Sabrent Rocket 1TB SSD Review – TLC NAND Flash


Rocket NVMe SSD Puts Sabrent On The Radar

Sabrent is an American company that has been manufacturing consumer electronics going as far back as the 1990’s. Oddly enough, in the 18 years that Legit Reviews has been around we’ve never bumped into Sabrent at any trade shows nor reviewed any of their products. This review on the Sabrent Rocket 1TB NVMe SSD changes all that as we finally have something Sabrent branded to get our hands on.

Sabrent Rocket NVMe SSD

The Sabrent Rocket NVMe SSD series actually came out in December 2018, so our first review on Sabrent is on an older model based on the Phison E12 reference design. Sabrent is a customer of Phison, who offers turnkey drive solutions and assembly services using their in-house designed controllers. Phison has a large list of customers and has become a well known name in the SSD market in recent years. Most the the SSD manufacturers found at your favorite e-tail store are basically re-branders these days.

Sabrent has been able to stand out from the crowd lately by offering incredibly low prices on their storage drives. The Sabrent Rocket NVMe SSD series just happens to be one drive that has gained notoriety since it came to market due to this. SSD prices have started to increase though due to NAND Flash supply issues, but they are still very affordable and pricing is predicted to continue to increase. Sabrent is using the Phison E12/E12S controller paired with Toshiba 3D TLC NAND Flash memory (BiCS3/BiSC4) to deliver sequential speeds of up to 3,450 MB/s read and 3,000 MB/s write on the Rocket SSD series. Random 4K performance you are looking at up to 580,000 IOPS Read and 650,000 IOPS Write.

Impressive numbers, but performance varies depending on what capacity drive that you are purchasing. Right now the Sabrent Rocket is being offered in five different sizes; 256GB ($46.98), 512GB ($79.98), 1TB ($139.99), 2TB ($259.98) and a monster 4TB model ($749.99). We’ve included the general performance numbers from the Sabrent website below, so you can see the different power and performance numbers for each drive capacity.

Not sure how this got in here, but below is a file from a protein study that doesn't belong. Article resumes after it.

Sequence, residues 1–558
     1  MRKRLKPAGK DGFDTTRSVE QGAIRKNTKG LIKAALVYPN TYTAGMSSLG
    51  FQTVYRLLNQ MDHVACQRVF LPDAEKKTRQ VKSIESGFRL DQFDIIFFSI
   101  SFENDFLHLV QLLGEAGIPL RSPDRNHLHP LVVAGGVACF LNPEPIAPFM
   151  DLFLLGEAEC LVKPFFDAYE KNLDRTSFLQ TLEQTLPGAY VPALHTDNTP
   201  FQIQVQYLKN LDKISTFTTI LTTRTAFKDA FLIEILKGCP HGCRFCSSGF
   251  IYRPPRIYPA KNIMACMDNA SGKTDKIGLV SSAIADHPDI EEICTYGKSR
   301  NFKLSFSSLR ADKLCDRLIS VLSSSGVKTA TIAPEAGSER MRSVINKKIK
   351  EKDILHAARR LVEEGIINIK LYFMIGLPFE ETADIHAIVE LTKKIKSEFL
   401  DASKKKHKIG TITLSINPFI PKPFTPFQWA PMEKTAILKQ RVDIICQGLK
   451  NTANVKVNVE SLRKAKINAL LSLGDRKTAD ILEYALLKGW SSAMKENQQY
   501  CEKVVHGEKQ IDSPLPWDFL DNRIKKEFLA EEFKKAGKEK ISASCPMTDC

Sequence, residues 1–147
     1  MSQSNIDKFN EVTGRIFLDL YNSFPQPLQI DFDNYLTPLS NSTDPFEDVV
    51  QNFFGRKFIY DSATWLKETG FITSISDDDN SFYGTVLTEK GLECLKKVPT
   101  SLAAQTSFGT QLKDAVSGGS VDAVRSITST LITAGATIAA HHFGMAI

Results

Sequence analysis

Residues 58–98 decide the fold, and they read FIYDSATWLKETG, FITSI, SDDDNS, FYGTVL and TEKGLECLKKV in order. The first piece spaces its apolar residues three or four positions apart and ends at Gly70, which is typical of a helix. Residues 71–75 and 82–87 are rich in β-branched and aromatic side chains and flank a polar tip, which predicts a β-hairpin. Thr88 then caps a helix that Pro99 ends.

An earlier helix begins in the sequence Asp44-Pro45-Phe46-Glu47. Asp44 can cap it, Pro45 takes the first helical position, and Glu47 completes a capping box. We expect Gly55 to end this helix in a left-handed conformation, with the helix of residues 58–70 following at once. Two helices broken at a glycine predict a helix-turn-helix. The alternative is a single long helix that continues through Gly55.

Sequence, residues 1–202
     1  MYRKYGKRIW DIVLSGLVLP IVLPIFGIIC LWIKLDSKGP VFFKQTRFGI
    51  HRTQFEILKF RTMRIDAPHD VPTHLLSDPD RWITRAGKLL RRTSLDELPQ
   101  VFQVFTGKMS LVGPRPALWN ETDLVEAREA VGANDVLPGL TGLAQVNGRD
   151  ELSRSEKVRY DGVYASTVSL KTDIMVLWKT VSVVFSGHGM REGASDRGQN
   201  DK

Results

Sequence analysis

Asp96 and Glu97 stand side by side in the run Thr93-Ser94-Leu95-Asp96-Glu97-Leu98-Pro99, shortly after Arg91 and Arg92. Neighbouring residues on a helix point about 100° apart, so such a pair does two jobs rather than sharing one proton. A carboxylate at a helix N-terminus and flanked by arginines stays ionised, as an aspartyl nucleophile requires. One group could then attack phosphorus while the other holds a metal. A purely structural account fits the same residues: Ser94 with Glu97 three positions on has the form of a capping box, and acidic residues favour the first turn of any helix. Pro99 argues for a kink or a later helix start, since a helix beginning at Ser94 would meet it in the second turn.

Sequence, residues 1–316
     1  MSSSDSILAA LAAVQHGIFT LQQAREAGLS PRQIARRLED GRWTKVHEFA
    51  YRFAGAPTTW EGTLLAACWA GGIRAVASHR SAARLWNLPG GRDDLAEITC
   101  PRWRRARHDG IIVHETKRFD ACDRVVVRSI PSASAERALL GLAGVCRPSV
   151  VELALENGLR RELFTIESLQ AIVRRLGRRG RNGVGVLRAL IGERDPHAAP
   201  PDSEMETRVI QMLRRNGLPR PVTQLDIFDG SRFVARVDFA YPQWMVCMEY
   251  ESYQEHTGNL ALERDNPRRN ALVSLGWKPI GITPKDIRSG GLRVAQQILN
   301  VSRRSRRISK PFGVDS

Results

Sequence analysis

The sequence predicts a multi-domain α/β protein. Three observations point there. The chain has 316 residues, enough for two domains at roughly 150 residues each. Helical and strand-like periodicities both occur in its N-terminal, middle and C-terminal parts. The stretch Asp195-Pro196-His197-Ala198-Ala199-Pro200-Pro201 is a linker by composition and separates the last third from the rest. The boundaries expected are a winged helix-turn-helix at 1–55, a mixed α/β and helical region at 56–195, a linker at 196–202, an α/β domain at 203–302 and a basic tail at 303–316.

Sabrent Rocket Specifications

All of the Sabrent Rocket series drives are backed by a 5-year warranty, but you have to register your drive with Sabrent to get that warranty length. If you do not register your drive you’ll end up with a 1-year warranty. You have 90-days to register the Sabrent Rocket drive that you purchase to get the 5-year warranty period. We don’t like it when companies make you jump through additional hoops to get a longer warranty period, but this is likely one of the ways Sabrent helps keep pricing down as most people likely don’t register their purchase. Sabrent also does not clearly list the endurance ratings for the Rocket series on their website, but we asked and found out the endurance ratings are as follows:

  • SB-ROCKET-256 – 380 TBW
  • SB-ROCKET-512 – 800 TBW
  • SB-ROCKET-1TB – 1665 TBW
  • SB-ROCKET-2TB – 3115 TBW

So, you are looking at 1665 TBW for the 1TB model and that comes out to being about 912 GB of drive writes per day over the course of five years. That seems very generous as very few consumers are writing over 900 GB of data to their drive each and every day.

Sabrent Rocket 1TB NVMe SSD

The drive that we were sent out to review was the Sabrent Rocket NVMe PCIe M.2 2280 1TB SSD that is sold under part number SB-ROCKET-1TB. This drive can be purchased from Amazon for $139.99 shipped, which comes out to be around $0.14 per GB. Sabrent uses the standard M.2 2280 ‘gum stick’ form factor and the 1TB model is a single-sided drive as you can see from the images above and below. Sabrent went with a blue PCB for this drive and it doesn’t look bad as it matches the blue on the label. Speaking of the label, it doubles as a heat spreader since it contains a thin piece of conductive metal inside. So, don’t remove it!

One thing we learned while reviewing the Sabrent Rocket 1TB drive is that the single-sided drives are powered by the Phison E12S controller with BiCS4 96-layer TLC NAND Flash and the double-sided drives are powered by the Phison E12 controller with BiCS3 64-layer TLC NAND Flash. The performance ratings of the drive have not changed, but there are a couple versions floating around.

Sabrent Rocket Single-Sided M.2 2280 SSD

There is another label on the back of the drive that shows the model number, capacity and the serial number. Sabrent doesn’t offer any special software or toolbox with the Rocket series, but it does include Acronis True Image cloning software. If you purchase the Sabrent Rocket and want to replace an existing drive you can easily clone it with this free software that can be downloaded right here.

That all said, let’s take a look at some benchmark numbers on our Intel Z390 test platform.